THE enthusiastic crowd funding campaign to purchase the Kidman cattle empire may have been quashed by the Gina Rinehart led Australian Outback Beef bid, but that has not stopped the company behind the plan pushing forward with a similar venture.
Through another crowd funding campaign, property investment firm DomaCom has made a solid bid and signed a heads of agreement for Pajingo Station, near Charters Towers in far north Queensland.
Pajingo is a 32,000-hectare property that has been in the Black family since 1898.
It is a single lot, beef grazing property located about 115km south-west of Charters Towers.
The DomaCom prospectus for Pajingo said that "it is run as a beef breeding enterprise with weaners being sent off to other properties to grow, while the basic breeding and replacement herd remains in the property.
"This station has been in the hands of the Black family for over 100 years and during this time, but especially over the last 20 years, major development works have been completed to improve the management of livestock.
"These improvements have been mainly in the form of good fencing, laneways and holding squares; reliable water supplies including an extensive water reticulation system and a good set of yards.
"Subsequently, these improvements have assisted greatly in relieving labour inputs and assisted with better management of the herd and pastures.
"The average carrying capacity for the property is around 4500 head.”
The company said the price estimate for the property was $11 million and the gross indicative yield for investors would be 3.8%.
So far DomaCom has had an excellent response from "mum and dad” investors keen to secure a piece of rural Australia.
DomaCom general manager of sales and marketing Warren Gibson told Rural Weekly that through the process of trying to raise the funds to purchase Kidman, they uncovered a "big appetite” for people to invest in Australian farm land.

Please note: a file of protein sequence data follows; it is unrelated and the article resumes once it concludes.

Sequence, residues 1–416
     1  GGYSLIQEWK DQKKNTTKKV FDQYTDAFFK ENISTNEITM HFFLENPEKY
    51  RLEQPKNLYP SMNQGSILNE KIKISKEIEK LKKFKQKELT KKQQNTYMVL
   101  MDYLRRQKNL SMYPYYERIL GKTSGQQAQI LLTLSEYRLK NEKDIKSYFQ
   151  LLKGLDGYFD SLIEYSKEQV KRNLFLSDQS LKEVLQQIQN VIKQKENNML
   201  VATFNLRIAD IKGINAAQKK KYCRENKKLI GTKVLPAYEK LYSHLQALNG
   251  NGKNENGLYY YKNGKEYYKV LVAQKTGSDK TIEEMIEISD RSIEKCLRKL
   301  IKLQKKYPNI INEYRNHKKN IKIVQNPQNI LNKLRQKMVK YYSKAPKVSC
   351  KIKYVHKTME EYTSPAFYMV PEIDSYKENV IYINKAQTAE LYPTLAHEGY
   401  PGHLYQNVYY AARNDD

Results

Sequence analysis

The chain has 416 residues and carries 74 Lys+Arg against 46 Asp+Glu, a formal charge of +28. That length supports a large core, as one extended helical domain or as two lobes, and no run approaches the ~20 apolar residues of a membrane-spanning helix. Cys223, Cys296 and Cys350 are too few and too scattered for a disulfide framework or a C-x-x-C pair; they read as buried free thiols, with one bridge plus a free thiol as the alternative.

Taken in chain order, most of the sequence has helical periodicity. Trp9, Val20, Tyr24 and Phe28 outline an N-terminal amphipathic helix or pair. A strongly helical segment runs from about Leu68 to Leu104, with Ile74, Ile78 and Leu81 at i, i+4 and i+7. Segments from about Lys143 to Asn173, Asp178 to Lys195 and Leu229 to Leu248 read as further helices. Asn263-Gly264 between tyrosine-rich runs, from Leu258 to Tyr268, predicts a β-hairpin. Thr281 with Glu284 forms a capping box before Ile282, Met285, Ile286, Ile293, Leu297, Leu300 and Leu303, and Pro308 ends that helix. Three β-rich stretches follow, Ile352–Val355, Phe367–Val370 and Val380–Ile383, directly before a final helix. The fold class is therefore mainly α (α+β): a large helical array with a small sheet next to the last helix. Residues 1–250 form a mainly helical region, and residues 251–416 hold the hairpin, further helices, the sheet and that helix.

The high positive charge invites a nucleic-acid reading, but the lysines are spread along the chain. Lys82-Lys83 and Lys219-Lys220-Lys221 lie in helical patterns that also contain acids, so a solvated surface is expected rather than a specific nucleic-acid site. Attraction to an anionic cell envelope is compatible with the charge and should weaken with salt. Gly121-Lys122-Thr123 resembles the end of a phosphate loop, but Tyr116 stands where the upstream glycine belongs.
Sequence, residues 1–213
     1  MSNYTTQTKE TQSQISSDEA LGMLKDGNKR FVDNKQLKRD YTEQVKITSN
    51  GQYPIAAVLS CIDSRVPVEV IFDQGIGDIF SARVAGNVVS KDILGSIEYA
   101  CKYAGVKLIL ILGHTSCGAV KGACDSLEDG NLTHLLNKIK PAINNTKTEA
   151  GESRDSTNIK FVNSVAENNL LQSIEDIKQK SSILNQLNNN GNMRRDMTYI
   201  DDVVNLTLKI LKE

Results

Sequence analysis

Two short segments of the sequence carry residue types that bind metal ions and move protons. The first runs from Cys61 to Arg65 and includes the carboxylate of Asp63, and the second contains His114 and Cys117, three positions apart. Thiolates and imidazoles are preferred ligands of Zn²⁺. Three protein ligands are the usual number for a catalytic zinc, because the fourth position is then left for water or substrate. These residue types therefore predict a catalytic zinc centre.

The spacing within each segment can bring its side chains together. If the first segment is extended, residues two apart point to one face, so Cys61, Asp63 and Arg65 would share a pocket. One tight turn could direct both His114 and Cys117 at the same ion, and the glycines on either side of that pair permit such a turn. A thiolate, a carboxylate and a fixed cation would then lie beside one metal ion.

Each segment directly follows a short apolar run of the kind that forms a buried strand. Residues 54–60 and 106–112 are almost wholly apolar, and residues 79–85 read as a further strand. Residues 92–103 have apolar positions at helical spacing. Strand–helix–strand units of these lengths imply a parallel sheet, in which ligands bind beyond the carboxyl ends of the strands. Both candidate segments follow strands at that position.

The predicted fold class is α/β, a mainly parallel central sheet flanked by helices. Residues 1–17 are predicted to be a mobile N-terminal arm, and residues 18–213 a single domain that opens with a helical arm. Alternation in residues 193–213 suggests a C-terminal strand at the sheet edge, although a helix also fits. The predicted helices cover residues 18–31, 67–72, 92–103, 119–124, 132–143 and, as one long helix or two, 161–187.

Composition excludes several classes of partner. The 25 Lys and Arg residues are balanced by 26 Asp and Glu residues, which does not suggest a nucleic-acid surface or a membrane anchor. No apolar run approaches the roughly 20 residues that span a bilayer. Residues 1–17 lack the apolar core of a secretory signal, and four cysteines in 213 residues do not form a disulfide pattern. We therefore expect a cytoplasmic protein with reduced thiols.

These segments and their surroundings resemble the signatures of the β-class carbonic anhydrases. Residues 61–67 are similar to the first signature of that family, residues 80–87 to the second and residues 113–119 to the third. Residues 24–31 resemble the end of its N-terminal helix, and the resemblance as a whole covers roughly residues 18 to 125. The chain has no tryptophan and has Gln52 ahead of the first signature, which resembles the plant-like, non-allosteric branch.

"Many of the investors who were involved in the Kidman bid have come on board with Pajingo,” Mr Gibson said.
He said the Black family would maintain 26% ownership of Pajingo and would stay on to run the station.
"That really does make it a very good investment for people and it is a great result for the owners.”
Under the model laid out for the purchase of Pajingo, investors will purchase the remaining 74% of the land and the family will rent that portion back off them and continue to run the business.
"The cost of that rental may move up or down, depending on conditions such as drought,” Mr Gibson said.
"But essentially it is an agreed fixed return for investors that is known in advance and on this occasion the owners will also benefit by getting a cash injection that allows them to move forward.
"It is a win-win in many respects. Many farmers leave properties to the children and what they essentially do is leave them with a big debt with some equity.
"This type of investment structure means that the worry of dealing with big bank loans and debts can be a thing of the past for farmers.
"In many respects we are the perfect part owner,” Mr Gibson said.
"We are never going to be knocking on the door saying that we want to move in.
"And the owners will always potentially have the opportunity to buy back some or all of the land when times are good.”
DomaCom chief executive officer Arthur Naoumidis told investors that the "bookbuild” for Pajingo was filling fast.
As of early last week they had already filled 32% of their requirements to purchase the property.
He said that "a commercial heads of agreement has been signed confirming the base rental of $418,000 per annum or 3.8% gross” for Pajingo.
"We believe that investing in Australian agriculture offers the benefit of a socially responsible investment plus strong long-term growth potential in farmland values across Australia,” Mr Naoumidis said in a statement to prospective investors.
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